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CENTRAL PACIFIC DEBT.
All amounts which have become due to the United States under the agreement dated February 1, 1899, for the settlement of the indebtedness of the Central Pacific Railroad Company, have been paid by the railroad company in full, including interest on all outstanding notes to August 1, 1906.
The principal of all notes held August 1, 1906, amounted to $14,703,178.90, and first-mortgage bonds to the amount of $14,704,000 are held as security for the payment thereof.
TERRITORY OF HAWAII.
The debt of Hawaii assumed by the terms of the joint resolution of July 7, 1898, consisted of $3,235,400 in interest-bearing bonds and $764,570.31 in postal savings deposits. This indebtedness has been fully paid by the United States, except $2,894.31 in postal savings certificates, not yet presented for payment.
The appropriation of $1,000,000 provided by Congress for the liquidation in part of awards made for property destroyed in suppressing the bubonic plague in the Territory in 1899 and 1900 has been practically expended. The First National Bank at Honolulu reports that 28 awards, amounting to $3,357.65, are now outstanding.
The most important legislation affecting internal revenue enacted by the last session of Congress is the act approved June 7, 1906, providing for the withdrawal from bond, tax free, of domestic alcohol rendered unfit as a beverage or for liquid medicinal uses by the admixture therewith of denaturing materials. This legislation is in harmony with similar laws adopted during the last fifty years by nearly all foreign countries. Its prime object is to furnish cheap alcohol for domestic and manufacturing purposes. The present internal-revenue tax per wine gallon on alcohol at 180 degrees proof is $1.98. This tax is removed by the act.
It is believed that by means of this legislation not only will the manufacturing interests of our country using alcohol be placed on equal footing with those of other countries, but there will be marked benefit to the people at large in securing a new product for the production of heat, light, and power, and that this new product will be a competitor with kerosene, gasoline, and coal in our domestic and farm life. The use of wood alcohol for domestic and manufacturing purposes will be largely, if not completely, displaced by this product.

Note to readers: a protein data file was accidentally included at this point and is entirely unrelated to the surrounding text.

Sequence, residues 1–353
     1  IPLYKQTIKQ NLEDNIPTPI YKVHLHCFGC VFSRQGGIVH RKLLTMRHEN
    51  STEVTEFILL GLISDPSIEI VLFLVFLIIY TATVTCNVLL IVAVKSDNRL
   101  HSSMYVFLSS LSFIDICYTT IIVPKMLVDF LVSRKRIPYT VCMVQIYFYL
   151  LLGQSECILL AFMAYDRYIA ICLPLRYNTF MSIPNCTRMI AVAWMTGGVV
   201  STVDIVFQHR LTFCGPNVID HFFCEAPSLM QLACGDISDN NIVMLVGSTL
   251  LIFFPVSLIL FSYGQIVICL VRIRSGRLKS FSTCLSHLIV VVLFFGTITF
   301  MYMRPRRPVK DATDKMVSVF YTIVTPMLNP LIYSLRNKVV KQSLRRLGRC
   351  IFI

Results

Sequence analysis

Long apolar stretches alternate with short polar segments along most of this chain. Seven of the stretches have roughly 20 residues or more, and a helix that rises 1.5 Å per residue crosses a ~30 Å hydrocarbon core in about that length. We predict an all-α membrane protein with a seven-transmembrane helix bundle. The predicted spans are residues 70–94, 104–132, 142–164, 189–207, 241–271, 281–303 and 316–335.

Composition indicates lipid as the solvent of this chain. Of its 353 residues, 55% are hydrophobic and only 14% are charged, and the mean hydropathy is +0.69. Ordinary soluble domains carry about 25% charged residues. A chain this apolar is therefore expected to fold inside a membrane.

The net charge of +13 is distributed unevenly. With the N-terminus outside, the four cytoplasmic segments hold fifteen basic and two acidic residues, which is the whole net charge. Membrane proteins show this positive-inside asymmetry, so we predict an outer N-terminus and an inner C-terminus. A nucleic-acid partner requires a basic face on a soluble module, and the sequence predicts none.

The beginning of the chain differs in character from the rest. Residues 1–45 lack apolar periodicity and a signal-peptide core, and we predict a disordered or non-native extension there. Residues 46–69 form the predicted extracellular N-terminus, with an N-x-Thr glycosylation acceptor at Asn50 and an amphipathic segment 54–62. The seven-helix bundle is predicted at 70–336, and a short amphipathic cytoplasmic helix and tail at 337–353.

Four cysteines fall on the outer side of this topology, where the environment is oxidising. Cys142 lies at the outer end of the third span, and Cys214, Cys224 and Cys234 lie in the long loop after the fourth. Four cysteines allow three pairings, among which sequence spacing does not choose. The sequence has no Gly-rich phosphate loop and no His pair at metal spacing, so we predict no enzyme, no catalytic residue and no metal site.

There will be some loss of revenue to the Government through this new legislation, though the amount of such loss can not now be definitely stated, but the benefits accruing to the people will greatly outweigh the loss of revenue.
Regulations and instructions relative to the enforcement of the act (effective January 1, 1907) were promulgated by the Department September 29, 1906.
The receipts from internal-revenue taxes for the fiscal year 1906, as shown by collectors' reports, were $249,102,738, a net increase over 1905 of $14,914,761.63.
The following items show increases for 1906: Distilled spirits, $7,435,542; manufactured tobacco, $2,763,086.88; fermented liquors, $5,281,305.38; filled cheese, $1.40; mixed flour, $918.84; adulterated butter, $5,319.46; banks, bankers, etc., $50.10; total increases, $15,486,221.06.
The following items show decreases for same period: Oleomargarine, $35,440.88; process or renovated butter, $18,657.17; miscellaneous, $517,364.38; total decreases, $571,462.43.
The total expenditures for the maintenance of the Internal Revenue Service for the fiscal year 1906 were $4,727,170.11. The cost of collecting $1 of internal revenue was $0.019.
The following table gives a comparative statement of receipts for the fiscal years 1905 and 1906. For a more detailed statement reference should be made to the report of the Commissioner of Internal Revenue:
RECEIPTS FROM INTERNAL REVENUE IN 1905 AND 1906, AS SHOWN BY COLLECTORS'
a Includes $489,347.26 from playing cards, 283,991.62 from penalties. $142.148.22 from legacies on which the tax had accrued prior to the repeal of the act, and $8,346.66 from miscellaneous sources.
The total production of distilled spirits, exclusive of fruit brandies, was 145,666,125.1 taxable gallons against 147,810,794.3 gallons in 1905, a decrease of 2,144,669.2 gallons.
The production of fruit brandies decreased 1,004,512.5 gallons.
During the fiscal year 1906, 1,885 distilleries of all kinds were operated, an increase of 113.
The production of beer was 54,724,553 barrels, an increase of 5,202,524 barrels.